Millions of Americans suffer from various forms of urinary incontinence. Stress incontinence is the most common form of urinary incontinence and is particularly prevalent among women. The condition happens when some kind of physical activity or movement (such as running, sneezing, coughing, lifting) puts pressure or stress on your bladder.
Stress incontinence is caused by the weakening of muscles that support your bladder and that regulate the release of urine.
For women, this may happen after childbirth. Age is another common factor in weakening pelvic floor muscles.
In men, a common cause of stress incontinence is prostate surgery as it can weaken the sphincter.
Though it’s a common condition, incontinence can lead to a sense of embarrassment. If it’s preventing you from social activities or work outside the home, there are some things you can do to help regain control.
Whatever the cause, we know that strengthening the muscles that control urination can help a great deal. These exercises can also benefit people suffering from urge incontinence as well as overactive bladder.
The pelvic floor muscles are a group of muscles that support the bladder, small intestine and rectum. Kegel exercises target these muscles and can be done just about any time. Here’s a link to a Mayo Clinic article on Kegels.
Find your pelvic floor muscles – to identify the right muscles, squeeze the same muscles you use when you want to stop urination or prevent yourself from passing gas. That’s the group of muscles you’ll need to flex during Kegels.
Focus on the right muscles – it’s important to focus only on the pelvic floor muscles. Don’t squeeze your abdomen, buttock or inner thigh muscles.
Breathe through the exercises – it’s natural to want to hold your breath as you do Kegels, but you should try to breathe during these exercises. If you hold your breath, it can actually put more strain on the pelvic floor by ‘pushing it down and out’. With Kegels, you want to have a sensation of your genitals drawing up and in.
Long squeezes – start by trying to squeeze your pelvic floor muscles for three to five seconds, then relax for three to five seconds. Gradually extend the duration to about 10 seconds. Do three sets of 10 long squeezes about three times per day.
Short squeezes – You can also do a series of 10 short squeezes where you squeeze your muscles for one second then relax for a second.
Like any new activity like this, it can take some practice to isolate and work the right muscles. Keep practicing and you’ll get the hang of it. It could take a few weeks or a few months of practice for you to really see the benefits of regular Kegels.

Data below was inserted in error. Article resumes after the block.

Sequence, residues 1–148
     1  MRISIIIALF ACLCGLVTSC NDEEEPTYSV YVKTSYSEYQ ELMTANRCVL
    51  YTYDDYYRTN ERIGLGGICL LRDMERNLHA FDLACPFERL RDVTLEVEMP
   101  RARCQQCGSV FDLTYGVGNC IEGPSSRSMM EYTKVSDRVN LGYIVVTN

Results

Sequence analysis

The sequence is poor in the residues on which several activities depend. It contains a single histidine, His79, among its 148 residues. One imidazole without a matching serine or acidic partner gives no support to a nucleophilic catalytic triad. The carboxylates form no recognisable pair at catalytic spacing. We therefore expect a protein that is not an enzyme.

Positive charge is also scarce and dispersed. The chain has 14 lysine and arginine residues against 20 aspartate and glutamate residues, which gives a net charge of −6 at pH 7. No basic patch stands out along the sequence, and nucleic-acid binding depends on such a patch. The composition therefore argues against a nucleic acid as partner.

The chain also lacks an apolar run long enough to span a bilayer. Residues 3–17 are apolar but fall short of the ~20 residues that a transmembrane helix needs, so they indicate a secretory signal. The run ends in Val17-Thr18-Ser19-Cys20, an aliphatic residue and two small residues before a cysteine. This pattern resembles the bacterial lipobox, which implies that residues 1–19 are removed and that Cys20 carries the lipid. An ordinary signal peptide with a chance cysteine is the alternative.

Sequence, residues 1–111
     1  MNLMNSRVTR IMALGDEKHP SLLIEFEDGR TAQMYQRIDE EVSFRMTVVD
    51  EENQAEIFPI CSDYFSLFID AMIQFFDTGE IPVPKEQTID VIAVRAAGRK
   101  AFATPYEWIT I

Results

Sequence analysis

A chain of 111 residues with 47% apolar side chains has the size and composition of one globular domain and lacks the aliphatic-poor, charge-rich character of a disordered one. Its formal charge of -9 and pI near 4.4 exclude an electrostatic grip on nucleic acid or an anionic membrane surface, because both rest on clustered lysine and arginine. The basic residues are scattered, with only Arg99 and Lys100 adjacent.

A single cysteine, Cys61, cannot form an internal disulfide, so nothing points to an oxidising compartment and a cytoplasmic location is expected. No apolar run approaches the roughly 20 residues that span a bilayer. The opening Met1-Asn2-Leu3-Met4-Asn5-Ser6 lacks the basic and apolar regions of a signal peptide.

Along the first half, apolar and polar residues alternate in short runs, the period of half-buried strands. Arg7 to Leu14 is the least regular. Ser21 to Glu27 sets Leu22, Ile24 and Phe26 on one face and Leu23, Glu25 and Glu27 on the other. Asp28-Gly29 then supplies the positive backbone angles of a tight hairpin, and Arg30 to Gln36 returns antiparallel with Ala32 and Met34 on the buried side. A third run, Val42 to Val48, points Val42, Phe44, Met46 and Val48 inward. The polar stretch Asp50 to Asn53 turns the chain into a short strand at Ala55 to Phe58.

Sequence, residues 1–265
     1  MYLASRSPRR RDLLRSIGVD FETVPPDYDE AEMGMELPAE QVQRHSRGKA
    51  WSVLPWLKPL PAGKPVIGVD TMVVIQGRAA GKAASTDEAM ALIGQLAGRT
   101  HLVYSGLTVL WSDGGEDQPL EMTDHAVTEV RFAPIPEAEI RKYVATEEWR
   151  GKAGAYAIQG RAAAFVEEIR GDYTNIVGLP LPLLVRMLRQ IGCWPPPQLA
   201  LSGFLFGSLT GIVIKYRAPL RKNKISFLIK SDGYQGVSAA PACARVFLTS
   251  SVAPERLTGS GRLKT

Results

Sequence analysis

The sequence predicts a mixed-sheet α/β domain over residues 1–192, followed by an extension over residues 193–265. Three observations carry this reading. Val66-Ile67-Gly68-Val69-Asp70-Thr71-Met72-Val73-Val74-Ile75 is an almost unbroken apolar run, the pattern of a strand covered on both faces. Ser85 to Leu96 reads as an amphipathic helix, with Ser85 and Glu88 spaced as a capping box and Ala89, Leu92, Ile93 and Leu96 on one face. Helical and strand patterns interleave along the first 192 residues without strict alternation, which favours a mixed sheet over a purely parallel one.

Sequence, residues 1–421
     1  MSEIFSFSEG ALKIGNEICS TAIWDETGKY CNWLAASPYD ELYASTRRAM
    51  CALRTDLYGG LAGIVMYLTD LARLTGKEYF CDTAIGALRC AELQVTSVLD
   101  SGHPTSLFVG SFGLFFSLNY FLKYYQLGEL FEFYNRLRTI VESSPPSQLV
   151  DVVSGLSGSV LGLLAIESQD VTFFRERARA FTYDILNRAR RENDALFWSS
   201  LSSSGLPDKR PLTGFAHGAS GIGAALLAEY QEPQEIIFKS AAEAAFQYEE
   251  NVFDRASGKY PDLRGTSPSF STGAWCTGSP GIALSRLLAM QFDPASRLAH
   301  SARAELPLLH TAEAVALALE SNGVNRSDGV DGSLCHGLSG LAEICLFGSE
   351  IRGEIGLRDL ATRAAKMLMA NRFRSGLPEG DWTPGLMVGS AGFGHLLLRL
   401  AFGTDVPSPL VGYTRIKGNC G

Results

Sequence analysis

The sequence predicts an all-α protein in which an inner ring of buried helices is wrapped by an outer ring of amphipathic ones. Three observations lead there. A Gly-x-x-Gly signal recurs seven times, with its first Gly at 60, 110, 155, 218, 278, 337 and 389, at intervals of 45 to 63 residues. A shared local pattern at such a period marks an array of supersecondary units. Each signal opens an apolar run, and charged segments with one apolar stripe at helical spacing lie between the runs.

While Kegels are excellent for isolating and strengthening your pelvic floor muscles, other exercises can help as well.
Yoga - Yoga can be an excellent way to introduce regular pelvic floor exercises into your routine. Here’s an insightful article from YogaJournal.com that reviews a series of poses to isolate and strengthen your pelvic floor muscles.
Here are three other exercises you can try:
Malasana (yoga squat) - This pose can help stretch and strengthen the groin and the muscles of the inner thigh. You can do a modified malasana pose by standing with your feet about hip-width apart. Keep your feet flat as you squat down so that your pelvis approaches the floor.
Bridges – Start by lying on your back on the floor. Lift and bend your knees, and put the soles of your feet firmly on the floor. Tighten your pelvic floor muscles as you push your hips off the floor, keeping your back straight. Hold this for 5 to 10 seconds before releasing and lowering your buttocks back to the floor. Repeat this 5 to 10 times, three times per day.
Bird dogs – Start on all fours with your wrists aligned with your shoulders and your knees aligned with your hips. Tighten your pelvic floor muscles, then simultaneously raise and point your right arm straight ahead while lifting and pointing your left leg straight behind. Lower your right arm and left leg, then do the same with your left arm and right leg. Keep your spine in alignment throughout the exercise. Repeat this 5 to 10 times on each side.
Your pelvis is shaped like a bowl with the pelvic bones comprising a ring and the muscles forming the bottom (or pelvic floor) of the bowl.
Your pelvic floor actually does a lot of work. It supports the structures of the abdomen and pelvis. Everything below your chest is supported by your pelvic floor. Actions like coughing and sneezing put sudden strain on the pelvic floor muscles. Pregnancy and excess weight can put steady additional pressure on them as well, which can lead to a gradual weakening of the pelvic floor.
Additionally, your pelvic floor muscles must contract and expand to allow for defecation, urination, sexual and reproductive function.
That’s a lot of important activity for a group of muscles that we all tend to ignore!
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